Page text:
NBSK pulp Europe – Price differential between BSKP and BHKP grades has hovered at/near 200 USD/ton over several months now. With the economic impetus for the buyers to continue to substitute softwood with hardwood and for the suppliers of both grades to maximise the softwood share, the supply/demand situation is, not surprisingly, switching in favour of hardwood pulps. That shows already clearly in the pricing of spot volumes where the price differential between BSKP and BHKP is around 100 USD/ton, rather than the 195 dollars recorded now in the contract business. EUR weakened by 0.9% against USD from the previous week. Our PIX NBSK index continued to fall, this time by 6.95 dollars, or by 0.81%, and closed at 846.38 USD/ton. With the stronger USD, the PIX NBSK index, converted into Euro, moved up by 80 cents, or by 0.13%, ending at 632.38 EUR/ton.

BHK pulp Europe – The now more likely entry of Russia into WTO will facilitate the wood exports which have traditionally been mainly pulpwood for BHKP production. While this may support BHKP production in the course of 2012, at present the supply of market BHKP in Europe is falling. In addition to the downtime taken by several pulp lines, Sodra is switching production into dissolving pulp from December. Similar change is taking place by Fortress Paper at Thurso, in Quebec, Canada. These supply reductions, higher demand in China, further switches from BSKP to BHKP and a price increase announcement by Fibria probably all played some role in slowing down the pace of the price decline trend considerably. EUR weakened by 0.9% against USD from the previous week. With the dollar-strengthening, the PIX BHKP index-value in EUR moved back up by 3.79 Euro, or by 0.79%, and closed at 485.79 EUR/ton. The PIX BHKP index value in USD lost 1.05 dollars, or 0.16%, and closed at 650.18 USD/ton.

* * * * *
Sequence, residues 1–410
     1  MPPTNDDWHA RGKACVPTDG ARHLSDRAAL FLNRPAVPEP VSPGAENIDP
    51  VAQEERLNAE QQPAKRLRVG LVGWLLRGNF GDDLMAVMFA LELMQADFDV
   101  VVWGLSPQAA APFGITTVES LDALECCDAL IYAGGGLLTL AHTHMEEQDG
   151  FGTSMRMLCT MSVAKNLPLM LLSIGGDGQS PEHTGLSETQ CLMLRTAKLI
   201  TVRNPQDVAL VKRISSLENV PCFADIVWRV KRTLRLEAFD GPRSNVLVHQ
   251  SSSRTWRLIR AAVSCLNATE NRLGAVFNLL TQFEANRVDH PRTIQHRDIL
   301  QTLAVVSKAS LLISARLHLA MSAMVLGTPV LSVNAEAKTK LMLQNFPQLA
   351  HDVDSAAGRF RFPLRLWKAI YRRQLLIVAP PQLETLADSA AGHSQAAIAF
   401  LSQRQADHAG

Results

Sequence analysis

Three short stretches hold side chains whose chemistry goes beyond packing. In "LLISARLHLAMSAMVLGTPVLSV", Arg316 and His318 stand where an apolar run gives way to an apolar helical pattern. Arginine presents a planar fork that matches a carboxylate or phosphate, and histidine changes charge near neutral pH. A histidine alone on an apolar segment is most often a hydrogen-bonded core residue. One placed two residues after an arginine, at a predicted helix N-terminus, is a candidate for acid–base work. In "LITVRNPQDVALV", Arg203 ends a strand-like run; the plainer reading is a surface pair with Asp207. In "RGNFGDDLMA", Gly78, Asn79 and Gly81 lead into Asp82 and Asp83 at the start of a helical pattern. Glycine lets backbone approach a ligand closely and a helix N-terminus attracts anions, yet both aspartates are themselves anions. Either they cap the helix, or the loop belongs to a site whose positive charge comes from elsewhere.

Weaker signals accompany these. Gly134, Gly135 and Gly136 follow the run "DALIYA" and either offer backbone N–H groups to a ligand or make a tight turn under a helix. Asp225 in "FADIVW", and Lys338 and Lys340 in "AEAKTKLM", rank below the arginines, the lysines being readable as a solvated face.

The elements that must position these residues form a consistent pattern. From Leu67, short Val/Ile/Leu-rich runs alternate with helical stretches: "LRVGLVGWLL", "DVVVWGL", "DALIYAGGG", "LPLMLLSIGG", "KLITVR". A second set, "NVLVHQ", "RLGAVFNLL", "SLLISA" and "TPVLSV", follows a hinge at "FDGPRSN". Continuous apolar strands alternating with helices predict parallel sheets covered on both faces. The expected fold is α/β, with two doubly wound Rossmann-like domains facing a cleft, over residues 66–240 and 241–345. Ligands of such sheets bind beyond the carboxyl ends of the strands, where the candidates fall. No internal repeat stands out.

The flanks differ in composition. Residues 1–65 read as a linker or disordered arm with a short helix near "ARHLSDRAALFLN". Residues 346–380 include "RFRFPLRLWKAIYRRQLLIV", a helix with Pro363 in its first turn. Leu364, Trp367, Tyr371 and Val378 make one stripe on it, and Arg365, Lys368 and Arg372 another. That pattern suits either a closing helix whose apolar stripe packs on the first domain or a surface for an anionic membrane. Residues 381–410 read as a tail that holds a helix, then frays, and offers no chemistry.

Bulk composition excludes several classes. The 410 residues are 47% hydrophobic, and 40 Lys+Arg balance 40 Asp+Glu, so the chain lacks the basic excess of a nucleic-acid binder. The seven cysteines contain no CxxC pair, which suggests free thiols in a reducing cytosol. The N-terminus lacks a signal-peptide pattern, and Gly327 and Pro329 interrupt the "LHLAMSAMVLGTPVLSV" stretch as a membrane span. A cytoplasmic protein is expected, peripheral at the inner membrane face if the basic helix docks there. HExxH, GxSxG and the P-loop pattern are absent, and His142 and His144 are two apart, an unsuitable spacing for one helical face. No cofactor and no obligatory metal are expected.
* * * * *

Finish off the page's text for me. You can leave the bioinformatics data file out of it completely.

BHK pulp China – Part of the local hardwood pulp capacity is just being converted from paper grades to dissolving pulp by Sun Paper and by Lee & Man. This, lower stocks and low prices for hardwood pulp helped to boost the sales of BHKP market pulp in China in November. According to the latest news from the market, the December shipments have not been as good any more. Fibria’s price increase announcement, the disappearance of the lowest spot offers and the threat of closures of non-wood pulp based paper capacity in China were not enough to turn the prices to a rise, at least not yet. The PIX China BHKP retreated further, this time by 2.47 USD/ton, or by 0.44%, and closed at 562.84 USD/ton. Yuan strengthened by 0.1% against USD, compared to a week ago. The conversion of the USD value into Yuan resulted in a drop of 18.88 RMB, or by 0.53%, to 3566.95 RMB/ton.

NBSK pulp China – Chinese purchases of market pulp appear to have been good in November. Purchases are typically good in China in November and then slow down in December/early January before the Chinese New Year holiday period. The low price levels were probably one of the key drivers, in addition to the seasonality issue. Many NBSKP suppliers have publicly or quietly quoted 680 in early December. Our benchmark price has been already below that level. The good activity in November in China and in some other Asian countries helped our index marginally higher. Our PIX China NBSK index moved back up by 45 US cents, or by 0.07%, and closed at 669.62 USD/ton. Yuan strengthened by 0.1% against USD. The conversion of the USD value into Yuan meant a decrease of 0.97 RMB, or 0.02%, to 4243.66 RMB/ton.